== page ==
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October 30, 2009 HB 318 RECEIVES ROUGH RECEPTION IN SENATE; REPUBLICAN SENATORS CONSIDER POTENTIAL CASINO REVENUES AS BUDGET FIX IN LIEU OF TAX FREEZE

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October 30, 2009 HB 318 RECEIVES ROUGH RECEPTION IN SENATE; REPUBLICAN SENATORS CONSIDER POTENTIAL CASINO REVENUES AS BUDGET FIX IN LIEU OF TAX FREEZE This week saw Senate Republicans turn up the rhetoric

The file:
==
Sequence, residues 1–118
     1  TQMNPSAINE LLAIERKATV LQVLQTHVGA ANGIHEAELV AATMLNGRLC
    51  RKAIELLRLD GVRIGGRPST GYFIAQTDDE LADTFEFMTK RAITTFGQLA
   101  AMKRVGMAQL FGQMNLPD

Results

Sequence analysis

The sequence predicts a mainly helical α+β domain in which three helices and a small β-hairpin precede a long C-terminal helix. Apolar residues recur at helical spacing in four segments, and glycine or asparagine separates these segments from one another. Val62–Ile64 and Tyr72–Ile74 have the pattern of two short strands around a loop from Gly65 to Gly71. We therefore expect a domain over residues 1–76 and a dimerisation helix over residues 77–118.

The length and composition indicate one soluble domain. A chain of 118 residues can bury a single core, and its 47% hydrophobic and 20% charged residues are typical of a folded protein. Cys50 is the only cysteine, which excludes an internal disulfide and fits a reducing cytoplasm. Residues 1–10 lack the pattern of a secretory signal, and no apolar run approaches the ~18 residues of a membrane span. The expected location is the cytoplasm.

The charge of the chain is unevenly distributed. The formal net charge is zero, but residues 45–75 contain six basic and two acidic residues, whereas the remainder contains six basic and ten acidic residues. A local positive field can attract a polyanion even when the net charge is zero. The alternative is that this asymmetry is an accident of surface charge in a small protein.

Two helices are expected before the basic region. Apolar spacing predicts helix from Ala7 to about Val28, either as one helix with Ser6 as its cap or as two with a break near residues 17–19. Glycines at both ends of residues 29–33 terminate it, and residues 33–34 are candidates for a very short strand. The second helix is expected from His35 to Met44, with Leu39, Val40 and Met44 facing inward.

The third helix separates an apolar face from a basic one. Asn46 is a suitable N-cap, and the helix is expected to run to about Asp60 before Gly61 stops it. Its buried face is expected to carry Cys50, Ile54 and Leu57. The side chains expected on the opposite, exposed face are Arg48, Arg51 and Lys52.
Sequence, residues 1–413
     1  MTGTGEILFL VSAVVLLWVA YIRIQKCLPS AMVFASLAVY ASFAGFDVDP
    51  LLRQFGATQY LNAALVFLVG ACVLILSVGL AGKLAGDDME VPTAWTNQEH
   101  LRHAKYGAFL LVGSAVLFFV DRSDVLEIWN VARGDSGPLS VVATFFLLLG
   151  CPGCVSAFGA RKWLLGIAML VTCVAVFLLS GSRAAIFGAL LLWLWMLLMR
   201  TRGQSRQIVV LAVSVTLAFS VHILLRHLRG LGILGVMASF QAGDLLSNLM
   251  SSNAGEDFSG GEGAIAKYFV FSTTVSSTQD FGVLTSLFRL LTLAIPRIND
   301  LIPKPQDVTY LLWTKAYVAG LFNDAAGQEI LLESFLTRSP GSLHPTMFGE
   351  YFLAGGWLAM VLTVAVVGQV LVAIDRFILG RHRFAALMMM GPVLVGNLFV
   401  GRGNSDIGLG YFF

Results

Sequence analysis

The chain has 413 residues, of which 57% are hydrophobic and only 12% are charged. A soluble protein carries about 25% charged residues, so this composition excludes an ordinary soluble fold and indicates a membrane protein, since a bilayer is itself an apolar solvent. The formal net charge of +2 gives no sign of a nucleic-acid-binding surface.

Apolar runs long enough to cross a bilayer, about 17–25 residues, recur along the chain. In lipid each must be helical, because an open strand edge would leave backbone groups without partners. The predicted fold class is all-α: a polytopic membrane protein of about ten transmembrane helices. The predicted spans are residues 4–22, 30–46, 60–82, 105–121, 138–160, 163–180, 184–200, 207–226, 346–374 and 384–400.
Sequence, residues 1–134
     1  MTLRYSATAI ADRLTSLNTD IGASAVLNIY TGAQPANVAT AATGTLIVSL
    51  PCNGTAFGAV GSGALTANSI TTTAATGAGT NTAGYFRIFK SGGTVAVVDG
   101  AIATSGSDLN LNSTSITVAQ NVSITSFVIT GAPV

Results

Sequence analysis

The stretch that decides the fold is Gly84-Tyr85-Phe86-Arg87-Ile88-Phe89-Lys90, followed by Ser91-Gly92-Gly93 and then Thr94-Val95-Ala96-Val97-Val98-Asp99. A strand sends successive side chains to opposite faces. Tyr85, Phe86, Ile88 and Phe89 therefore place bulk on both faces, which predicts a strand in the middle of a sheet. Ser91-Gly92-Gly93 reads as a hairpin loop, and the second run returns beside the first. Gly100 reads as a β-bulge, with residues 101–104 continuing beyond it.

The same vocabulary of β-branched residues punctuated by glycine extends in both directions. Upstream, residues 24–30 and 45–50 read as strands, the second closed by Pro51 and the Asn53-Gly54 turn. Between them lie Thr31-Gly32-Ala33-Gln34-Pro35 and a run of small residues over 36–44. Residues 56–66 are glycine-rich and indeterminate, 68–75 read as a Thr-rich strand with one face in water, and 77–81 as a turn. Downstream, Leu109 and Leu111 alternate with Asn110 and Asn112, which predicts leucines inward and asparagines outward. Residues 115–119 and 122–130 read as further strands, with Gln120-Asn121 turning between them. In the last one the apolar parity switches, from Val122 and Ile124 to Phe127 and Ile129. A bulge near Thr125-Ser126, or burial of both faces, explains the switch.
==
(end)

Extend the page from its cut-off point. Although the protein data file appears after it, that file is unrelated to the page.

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October 30, 2009 HB 318 RECEIVES ROUGH RECEPTION IN SENATE; REPUBLICAN SENATORS CONSIDER POTENTIAL CASINO REVENUES AS BUDGET FIX IN LIEU OF TAX FREEZE This week saw Senate Republicans turn up the rhetoric as HB 318, the Governor s Tax Freeze bill, made its way to the Senate Finance Committee. Testifying on behalf of the Administration was Office of Budget and Management Director Pari Sabety, as well as Tax Commissioner Richard Levin. Meanwhile, Members also took the opportunity to consider the use of casino dollars as a potential budget fix. Under HB 318, Governor Ted Strickland proposed, and the Democratic-controlled House passed, a plan to delay the 4.2 percent state income-tax cut that took effect Jan. 1. The measure would generate money to replace what was lost when the Ohio Supreme Court blocked Strickland's plan to place slot machines at racetracks without a statewide vote. However, in the GOP-controlled Senate, which is not expected to take action on the measure for at least three weeks, a number of Republicans have labeled HB 318 a tax increase. Senate President Bill M. Harris, R-Ashland, said Wednesday that the Democrat-backed income-tax plan would be bad for small business and, in turn, bad for jobs. We feel that especially small business would be very adversely impacted (by HB 318), and the result of that is to eliminate jobs, Harris said. Any job that we have we need to hold onto with both hands and do anything we can to protect it. That said Harris admitted that his caucus has not ruled out any potential budget solution. One option could take advantage of the $200 million in casino-licensing fees that would be paid to the state if Issue 3 is approved. With polls showing the casino issue ahead, some state lawmakers already are considering ways to use the revenues. However, one sticking point is that the casino proposal says the fee money is to be earmarked for state economic development programs which support regional job training efforts. Some lawmakers contend higher education is the ultimate job-training effort. That's fairly broad, non-specific language, Sen. Mark Wagoner, R-Toledo, said of the amendment. A lot of the discussion of education reform we've had over the last six months is the role of education in economic development. You could make a good-faith argument that we could use that $200 million (in licensing fees) and put it into education. 1 Office of Budget and Management Director Pari Sabety said she wouldn't rule out the possibility, but added that it could face legal hurdles, noting that parts of the amendment say casino money cannot supplant state money. However, Sen. John A. Carey Jr. (R-Wellston), Chairman of the Senate Finance Committee, did not share the same enthusiasm about the idea. I don't think that's our caucus position at this point, the Chairman said. Individual senators may think that's a good idea. Republican senators also indicated an interest in putting off unfunded changes to K-12 education policy during the chamber's hearing. Sen. Gary Cates led the GOP's charge on the education policy front, calling the all-day kindergarten and class size requirements under the Evidence Based Model a very large unfunded mandate on local schools and adding that it would cost the state more than $3 billion a year to fully fund the phased-in EBM system in the current year. As lawmakers further questioned whether passage of that issue could somehow mitigate the budget shortfall, Director Sabety and Commissioner Levin expressed doubts as to whether any such funds would even be available to aid schools during the current biennium. Mr. Levin noted there is no timetable in the amendment for when the casinos would be built. Ms. Sabety reiterated the Administration s position that the legislature should act soon on the Governor's plan so local school officials have budgetary certainty moving forward. One remark that did raise eyebrows from local government advocates in attendance at the hearing was a comment made in passing by the Commissioner Levin. During continued questioning as to what the casino monies could supplant in the current budget, the Commissioner added, I don't think there's anything in the constitution that says you have to have a local government fund. The comment quickly evoked concern from local government entities that the local government fund (LGF) could be substantially cut or even eliminated. Chairman Carey also asked if the Administration had considered other non-tax revenue alternatives such as securitizing state assets. Ms. Sabety said the problems with securitizing assets such as the state lottery at this time include a credit market that's still constricted and, in the case of the lottery, significant legal work required to meet federal restrictions. Additionally, she said that while up-front money could be had with a lottery securitization, You are giving up a significant amount of that cash in future biennia. Chairman Carey (R-Wellston) reiterated his plans to continue hearings on the bill beyond next week's statewide vote on Issue 3. OAEO TELLS HOUSE PANEL THAT PROVISION IN ELECTION OVERHAUL BILL CEDES TOO MUCH POWER TO STATE The Ohio Association of Election Officials asked a House panel Wednesday to remove from a proposed voting system overhaul a provision the group said radically alters the way board of elections members are appointed. Echoing concerns CCAO has shared in recent meetings w/ legislators, the change in the appointment process contained in pending legislation (HB 260) would give too much power to the state. It gives almost carte blanche power to the state's chief election officer to appoint members to local boards of elections, Jeanette Mullane, the OAEO's first vice president told the 2 House Elections & Ethics Committee. This is simply not how our system was designed to work, said Ms. Mullane, who is director of the Stark County Board of Elections. Current law provides for political parties to recommend nominees to a Secretary of State for appointment to a county elections board. If no recommendation is made, the Secretary is required to make the appointment. The bill proposes a revision in the process. If a party recommendation is made, and the Secretary has reason to believe the nominee would not be a competent member of the board, the Secretary must state that conclusion in writing to the chair of the county executive committee. The party would then have one more opportunity and if the Secretary again found the nominee to not be a competent board member, the Secretary would then unilaterally make the appointment. The appointment would be final. Ms. Mullane said Ohio has a very decentralized elections system in which administrative functions reside at the local level, and policy functions at the state level. Local boards need to remain accountable to the local entities that appointed them, and this amendment makes them more accountable to the state than the locals, she said. It is both a philosophical and practical problem that we see, and we ask that this provision be removed, Ms. Mullane said. Ms. Mullane s testimony also touched a number of areas in the legislation of which both the OAEO and CCAO support. These provisions include all of the following: Eliminating special elections. Increasing bonding and bidding requirements for ballots from $10,000 to $25,000. Providing clear guidelines and limits on the number of observers, and allowing them during the early voting period. Limiting ballot language to 300 words. Likewise, OAEO and CCAO share concerns with language in the legislation that would allow a Secretary of State to break tie board votes related to establishing early absentee voting locations. Both associations believe such decisions should require a majority board vote. The positions on both the appointment process and early absentee voting location reflect a philosophy that elections administration is a shared responsibility between the state and county government. As such, CCAO and the OAEO strongly believe the local appointment and input on such decisions should be steadfastly protected. For more information on election legislation, please contact CCAO Policy Director Cheryl Subler or CCAO Policy Analyst Josh Hahn at (614) or and respectively. CCAO TESTIFIES ON TRANSPORTATION INNOVATION AUTHORITY LEGISLATION IN HOUSE CCAO Senior Policy Analyst Brad Cole testified as an interested party before the House Transportation and Infrastructure Committee on legislation (HB 166-Carney, McGregor) which would permit combinations of local governments to establish Transportation Innovation Authorities (TIAs). The TIA concept was developed by ODOT based on similar authorities in other states. The purpose of a TIA is to empower combinations of local government agencies to perform multimodal and cross jurisdictional transportation projects utilizing a variety of funding 3 sources. Companion TIA legislation is also pending in the Ohio Senate (SB121-Niehaus, Cafaro). In his testimony Cole spoke in favor of an amendment that would require any county, municipal corporation, or township to provide 45 days advance notice prior to adopting a resolution or ordinance establishing a Tax Increment Financing (TIF) district for the purpose of funding a TIA and permitting the county or township to comment within 30 days of receiving the resolution or ordinance before proceeding with creation of the TIF. Cole also spoke in favor of provisions that would have required revenue sharing payments to the affected county and township taxing districts if the TIF exceeded ten years or 75% exemption, but the committee elected to adopt the more modest amendment that only provides notice and comment, but no revenue sharing. While Cole expressed appreciation to the committee for what he characterized as a step in the right direction, he said CCAO wanted to reserve the right to attempt to amend the legislation in the Senate to require revenue sharing and local government approval on TIFs that exceed ten years or 75%. Existing law permits TIFs of up to 30 years and 100% exemption on new revenue growth. In an effort to promote transparency among local governments that establish various entities to support a TIA, the committee adopted another amendment to require local governments to comply with all notice requirements when using various finding mechanisms to fund transportation projects under a TIA. Last week the committee adopted an amendment that would permit the creation of up to two TIAs in each of the 12 ODOT districts throughout Ohio. The prior version of the bill would have allowed only 4 TIAs statewide. CCAO TO TURNPIKE COMMISSION: FIX YOUR BRIDGES As a result of continued frustration with the Ohio Turnpike Commission CCAO forwarded correspondence to the Administration regarding clarification of state policy on maintenance of county and township bridges over the Turnpike. Within the past year of so, numerous townships, particularly in the Sandusky County area, have seen major degradation of approaches and embankments. At a regional meeting this summer, CCAO staff Brad Cole and Josh Hahn took a tour of these trouble spots. In some spots the embankments had fallen drastically. At one bridge, two sets of guardrails had slid some four to six feet from the approach. The bridge deck themselves had begun to crumble. At least two bridges had to be closed by the Sandusky County Engineer James Moyer. In his letter to the Administration, Mr. Cole detailed that at the Turnpike s construction from 1953 to 1955 all overpasses over the turnpike were paid for with state funds derived from the issuance of bonds. Within the past ten years portions of the Turnpike were widened to accommodate additional motor vehicle traffic. Said Cole, To the best of my knowledge these numerous county and township overpass projects (as a result of the widening) were paid for by the Ohio Turnpike and performed under bid specifications and contracts let by the Ohio Turnpike. Only now that the embankments to these bridges are failing has the Ohio Turnpike Commission claimed that responsibility for reconstructing these overpasses is that of the county and township governments and not of the Turnpike Commission that contracted for the improvements. Contended Cole these overpasses would not exist if it were not for the turnpike, and within the past ten years the Ohio Turnpike has exercised complete control over the reconstruction of these overpasses in order to achieve the Turnpike s goal of widening the Turnpike. (I)n light 4 of this information it is inappropriate for the Turnpike Commission now to claim that the repair of any failed approaches that were constructed under Turnpike contracts are the sole responsibility of local governments. For more information on this issue, please contact CCAO Senior Policy Analyst Brad Cole at or BILL INTRODUCTIONS SB 195 EMPLOYEE DETERMINATION (Patton) To create a uniform standard to determine whether an individual performing services for an employer is an employee of that employer. En , , , , , , to and SB 197 FORECLOSURE MEDIATION (Jones) To require courts to establish and operate programs of mandatory foreclosure mediation in non-tax foreclosure actions on occupied residential properties and to establish procedures for the operation of those foreclosure mediation programs. Am and and to enact sections and to SR 118 WORKERS COMPENSATION (Grendell) To create the Competitive Workers' Compensation Task Force to review the feasibility of allowing employers the option to obtain private insurance to insure their obligations under the workers' compensation system of Ohio. HB 331 MEDICAID EMPLOYER INFORMATION (Hagan) To require applicants for the Children's Health Insurance Program, Medicaid, Ohio Works First, and Supplemental Nutrition Assistance Program to provide information about their employers and to require quarterly reports identifying the employers. Am. and En , , , and HB 336 CAMPAIGN CONTRIBUTIONS (Garrison) To prohibit an elected officer of a political subdivision or a candidate for an elective office of a political subdivision from accepting contributions from an employee of that political subdivision who is or who would be supervised, directly or indirectly, by the public officer or candidate. Am HB 338 DRIVERS LICENSES (Book, Uecker) To allow, in certain circumstances, all issues concerning a person s driver s license to be litigated in a single court. En COMMITTEE SCHEDULE Tuesday, November 3 Senate State & Local Government & Veterans Affairs, (Chr. Hughes, ), South Hearing Rm., 10:00 am SB 184 PRIVATE ROAD PLOWING (Gibbs) To authorize townships to use road equipment and labor resources available to a township to plow certain private roads and driveways either at the expense of the township or for a fee charged to specified persons. --1st Hearing-Sponsor SB 151 PARK DISTRICTS (Grendell) To authorize a park district's board of park commissioners to create a building department for building code enforcement purposes. --4th Hearing-All testimony- Possible vote Wednesday, November 4 House Local Government/Public Administration, (Chr. Chandler, ), Rm. 114, 10:00 am HB 223 COUNTY BUDGETS (Letson, Coley) To temporarily authorize county treasurers and county prosecuting attorneys to designate that part of any surplus balance in the county's Delinquent Tax and Assessment Collection Fund be used to pay operating expenses of the respective office in lieu of county general fund money. --4th Hearing-All testimony-possible amendments & vote HB 313 COUNTY LAND USE (Ujvagi, Winburn) To authorize a county with a population greater than 100,000, or a population between 78,000 and 81,000, to organize a county land reutilization corporation, to authorize a county treasurer of a county with such a corporation to utilize the alternative redemption 5 period in actions to foreclose abandoned lands, and to immunize a county land reutilization corporation from liability for breach of a common law duty in connection with a parcel of land. --2nd Hearing-All testimony House Criminal Justice, (Chr. Yates, ), Rm. 121, 10:30 am SB 77 DNA TESTING (Goodman) Relative to the expansion of DNA testing for certain convicted felons, the elimination of the DNA testing mechanism for felons who pleaded guilty or no contest to the offense, the collection of DNA specimens from all persons eighteen years of age or older who are arrested for a felony offense, the sealing of the official records of persons who have their convictions vacated and set aside due to DNA testing, the preservation and accessibility of biological evidence in a criminal or delinquency investigation or proceeding, the improvement of eyewitness identification procedures, and the electronic recording of custodial interrogations. --6th Hearing-All testimony HB 99 DNA TESTING (Weddington, Yates) Relative to the expansion of DNA testing for certain convicted felons, the elimination of the DNA testing mechanism for felons who pleaded guilty or no contest to the offense, the collection of DNA specimens from all persons eighteen years of age or older who are arrested for a felony offense, the preservation and accessibility of biological evidence in a criminal or delinquency investigation or proceeding, the improvement of eyewitness identification procedures, and the electronic or audio recording of custodial interrogations. --7th Hearing-All testimony House Insurance, (Chr. Dodd, ), Rm. 122, 1:30 pm HB 300 INSURANCE AGENTS (Dyer, Hottinger) To make changes to the law governing the licensure and regulation of insurance agents and certain insurance-related taxes. --3rd Hearing-All testimony- Possible vote House Ways & Means, (Chr. Letson, ), Rm. 114, 3:00 pm HB 326 ESTATE TAX (Hottinger, Grossman) To reduce the estate tax, to authorize townships and municipal corporations, or electors thereof by initiative, to exempt from the estate tax any estate property located in the township or municipal corporation, and to distribute all estate tax revenue originating in a township or municipal corporation that does not exempt property from the tax to the township or municipal corporation. --1st Hearing-Sponsor HB 286 HOME IMPROVEMENT TAXATION (Fende) To exempt from real property taxation home improvements greater than $5,000 for five years. --2nd Hearing-All testimony HB 255 FIREFIGHTER TAX CREDIT (Balderson) To allow a $400 income tax credit for volunteer firefighters. --2nd Hearing-All testimony HB 309 COMMUNITY REINVESTMENT AREAS (Batchelder) To lengthen the period for which certain structures in a Community Reinvestment Area may be exempted from property taxation. --2nd Hearing-All testimony Thursday, November 5 Senate Finance & Financial Institutions, (Chr. Carey, ), Finance Hearing Rm., 9:30 am HB 318 TAX RATE FREEZE (Sykes) To postpone for two years the last of five scheduled income tax rate reductions, to reduce salaries of General Assembly members by five per cent, and to make conforming amendments. --2nd Hearing-OBM & Taxation Senate Finance & Financial Institutions, (Chr. Carey, ), Finance Hearing Rm., 1:00 pm Continued hearings (all testimony) on HB 318 HB 280 MUNICIPAL PROPERTY TAX (Stautberg, Driehaus) To temporarily authorize a special election on December 8, 2009, exclusively for the purpose of allowing certain municipal corporation property tax levies to appear on the ballot, to repeal Section 1 of this act effective December 9, 2009, and to declare an emergency. --1st Hearing-Sponsor SB 177 TAX DECOUPLING (Seitz, Cates) To partially decouple Ohio law from recent federal tax law changes. --2nd Hearing-All testimony 6